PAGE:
The City of Princeton is headed back to the drawing board after residents said no to a design that was on track to becoming the city’s new logo.

Princeton is a town in Collin County just outside of McKinney -- and it’s growing quickly.

In 2010, the United States Census Bureau reported a population of 6,807. In 2016, the population was an estimated 9,405.

So it’s no surprise that city leaders want a fresh look. The town recently inked a branding deal with Eisenberg and Associates, a Dallas-based marketing firm. The deal, which cost $9,500, involves Eisenberg and Associates building a new logo for the city.

The deal also consists of the company creating a strategic branding and messaging platform for the city to use to attract new businesses.

The costs of the deal were shared by the City of Princeton, the Princeton Economic Development Corporation, and the Princeton Community Development Corporation.

The EDC and the CDC serve the city and operate on funds from sales tax revenues.

Last month, council members revealed a design for a new city logo that included an exclamation point in the ‘O’ of Princeton and the phrase "Catch the Excitement."

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According to Eisenberg and Associates, council members were pleased with the design and told the company to move forward with final touches.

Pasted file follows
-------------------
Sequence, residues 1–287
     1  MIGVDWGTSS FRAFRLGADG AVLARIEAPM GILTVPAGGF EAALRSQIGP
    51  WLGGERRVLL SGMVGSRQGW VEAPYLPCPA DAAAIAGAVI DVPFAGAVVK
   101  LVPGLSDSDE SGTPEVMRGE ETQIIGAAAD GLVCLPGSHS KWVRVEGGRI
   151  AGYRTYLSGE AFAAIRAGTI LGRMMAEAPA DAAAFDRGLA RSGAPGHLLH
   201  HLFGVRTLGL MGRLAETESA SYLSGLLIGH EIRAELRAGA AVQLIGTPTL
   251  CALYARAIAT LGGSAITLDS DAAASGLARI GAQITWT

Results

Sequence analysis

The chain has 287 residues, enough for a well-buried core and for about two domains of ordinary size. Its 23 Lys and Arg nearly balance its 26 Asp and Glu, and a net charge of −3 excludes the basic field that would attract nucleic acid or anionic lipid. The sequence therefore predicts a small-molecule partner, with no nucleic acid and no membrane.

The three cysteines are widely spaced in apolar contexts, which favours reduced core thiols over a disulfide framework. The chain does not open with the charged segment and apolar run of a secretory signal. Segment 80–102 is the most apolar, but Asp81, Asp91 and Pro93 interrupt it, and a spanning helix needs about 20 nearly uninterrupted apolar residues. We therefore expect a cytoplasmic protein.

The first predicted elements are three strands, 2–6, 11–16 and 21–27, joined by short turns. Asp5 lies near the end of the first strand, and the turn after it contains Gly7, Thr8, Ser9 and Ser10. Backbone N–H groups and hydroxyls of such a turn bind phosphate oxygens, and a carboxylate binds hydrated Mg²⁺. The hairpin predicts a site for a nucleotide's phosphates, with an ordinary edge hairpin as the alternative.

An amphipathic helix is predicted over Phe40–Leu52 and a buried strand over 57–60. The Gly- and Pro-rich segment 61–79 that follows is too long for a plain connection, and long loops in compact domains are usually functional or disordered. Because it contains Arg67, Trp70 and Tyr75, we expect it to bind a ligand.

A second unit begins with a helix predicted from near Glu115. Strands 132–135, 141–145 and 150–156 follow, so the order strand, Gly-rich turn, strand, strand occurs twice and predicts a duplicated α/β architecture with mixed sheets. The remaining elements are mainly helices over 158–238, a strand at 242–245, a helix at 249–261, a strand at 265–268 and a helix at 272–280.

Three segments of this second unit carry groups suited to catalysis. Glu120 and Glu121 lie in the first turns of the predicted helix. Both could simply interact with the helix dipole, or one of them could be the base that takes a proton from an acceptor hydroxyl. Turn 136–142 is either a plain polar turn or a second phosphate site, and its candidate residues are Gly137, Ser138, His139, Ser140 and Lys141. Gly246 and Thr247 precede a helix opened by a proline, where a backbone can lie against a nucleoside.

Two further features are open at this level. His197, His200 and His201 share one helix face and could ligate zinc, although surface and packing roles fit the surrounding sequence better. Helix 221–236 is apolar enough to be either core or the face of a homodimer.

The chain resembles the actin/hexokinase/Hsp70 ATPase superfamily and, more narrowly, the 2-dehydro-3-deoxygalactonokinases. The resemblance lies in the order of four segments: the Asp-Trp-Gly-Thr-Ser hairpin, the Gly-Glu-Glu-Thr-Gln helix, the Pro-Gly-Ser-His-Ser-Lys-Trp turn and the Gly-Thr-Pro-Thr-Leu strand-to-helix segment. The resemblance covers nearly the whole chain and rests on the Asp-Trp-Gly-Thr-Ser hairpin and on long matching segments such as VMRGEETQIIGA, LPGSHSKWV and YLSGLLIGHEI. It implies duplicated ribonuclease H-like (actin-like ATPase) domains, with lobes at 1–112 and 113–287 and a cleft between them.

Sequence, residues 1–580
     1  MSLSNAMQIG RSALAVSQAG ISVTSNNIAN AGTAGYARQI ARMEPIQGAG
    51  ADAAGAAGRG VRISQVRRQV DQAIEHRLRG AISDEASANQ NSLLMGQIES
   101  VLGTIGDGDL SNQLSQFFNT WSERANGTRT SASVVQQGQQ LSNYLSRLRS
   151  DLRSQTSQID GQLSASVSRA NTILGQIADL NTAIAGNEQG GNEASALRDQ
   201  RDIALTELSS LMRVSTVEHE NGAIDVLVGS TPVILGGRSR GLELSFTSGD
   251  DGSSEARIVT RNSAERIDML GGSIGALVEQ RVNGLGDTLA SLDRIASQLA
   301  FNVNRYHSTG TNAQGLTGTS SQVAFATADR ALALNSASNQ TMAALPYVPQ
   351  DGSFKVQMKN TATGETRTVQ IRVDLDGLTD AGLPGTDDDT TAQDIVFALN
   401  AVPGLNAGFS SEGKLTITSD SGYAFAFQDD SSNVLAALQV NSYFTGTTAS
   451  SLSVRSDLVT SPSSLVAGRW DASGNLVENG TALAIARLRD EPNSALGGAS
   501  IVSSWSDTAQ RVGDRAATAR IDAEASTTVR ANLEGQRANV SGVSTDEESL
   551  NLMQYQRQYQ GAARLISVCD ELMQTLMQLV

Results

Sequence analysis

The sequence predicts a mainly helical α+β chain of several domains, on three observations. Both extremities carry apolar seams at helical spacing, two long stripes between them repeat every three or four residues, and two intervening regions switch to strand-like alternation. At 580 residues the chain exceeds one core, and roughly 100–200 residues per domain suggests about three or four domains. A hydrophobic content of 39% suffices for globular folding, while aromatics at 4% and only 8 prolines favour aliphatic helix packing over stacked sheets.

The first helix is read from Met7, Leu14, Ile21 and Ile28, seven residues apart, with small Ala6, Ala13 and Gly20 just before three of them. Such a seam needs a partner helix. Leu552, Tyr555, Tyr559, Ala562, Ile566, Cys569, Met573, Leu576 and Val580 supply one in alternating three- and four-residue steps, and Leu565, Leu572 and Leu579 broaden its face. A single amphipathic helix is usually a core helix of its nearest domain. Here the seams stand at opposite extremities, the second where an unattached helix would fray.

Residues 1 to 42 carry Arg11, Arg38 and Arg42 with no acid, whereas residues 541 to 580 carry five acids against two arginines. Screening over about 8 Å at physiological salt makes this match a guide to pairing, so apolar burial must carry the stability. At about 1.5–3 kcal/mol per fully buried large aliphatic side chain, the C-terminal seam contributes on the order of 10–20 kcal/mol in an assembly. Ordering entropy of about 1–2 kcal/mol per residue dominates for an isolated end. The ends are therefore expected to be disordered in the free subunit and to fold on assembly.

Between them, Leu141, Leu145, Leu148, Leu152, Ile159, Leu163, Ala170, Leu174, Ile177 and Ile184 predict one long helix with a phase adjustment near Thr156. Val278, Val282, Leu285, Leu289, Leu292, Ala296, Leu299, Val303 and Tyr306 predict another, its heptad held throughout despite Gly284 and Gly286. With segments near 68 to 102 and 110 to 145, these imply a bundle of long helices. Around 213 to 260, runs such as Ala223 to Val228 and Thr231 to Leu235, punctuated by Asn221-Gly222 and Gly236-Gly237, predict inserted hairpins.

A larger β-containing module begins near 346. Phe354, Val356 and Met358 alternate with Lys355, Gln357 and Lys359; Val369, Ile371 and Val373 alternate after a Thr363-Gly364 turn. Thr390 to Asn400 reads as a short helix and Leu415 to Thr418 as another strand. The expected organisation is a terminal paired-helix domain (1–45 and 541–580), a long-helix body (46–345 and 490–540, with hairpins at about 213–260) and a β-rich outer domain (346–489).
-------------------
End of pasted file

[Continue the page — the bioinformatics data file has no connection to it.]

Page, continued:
But once the Princeton Herald posted the logo on the internet, residents weren’t too pleased and hilariously had a field day in the comments section on Facebook.

The overall theme? Many thought what was decided on wasn’t worth the cash.

The City of Princeton conducted a survey online, and this week council members told Eisenberg and Associates to take a different direction.

Eisenberg and Associates told WFAA that it’s in talks with the City of Princeton to potentially present several logo ideas and let citizens give feedback.

Assistant City Manager Lesia Gronemeier provided background information to WFAA about the situation but declined an interview.

It's not uncommon for cities to spend thousands of dollars on branding. Some costs can go into the six-figure range.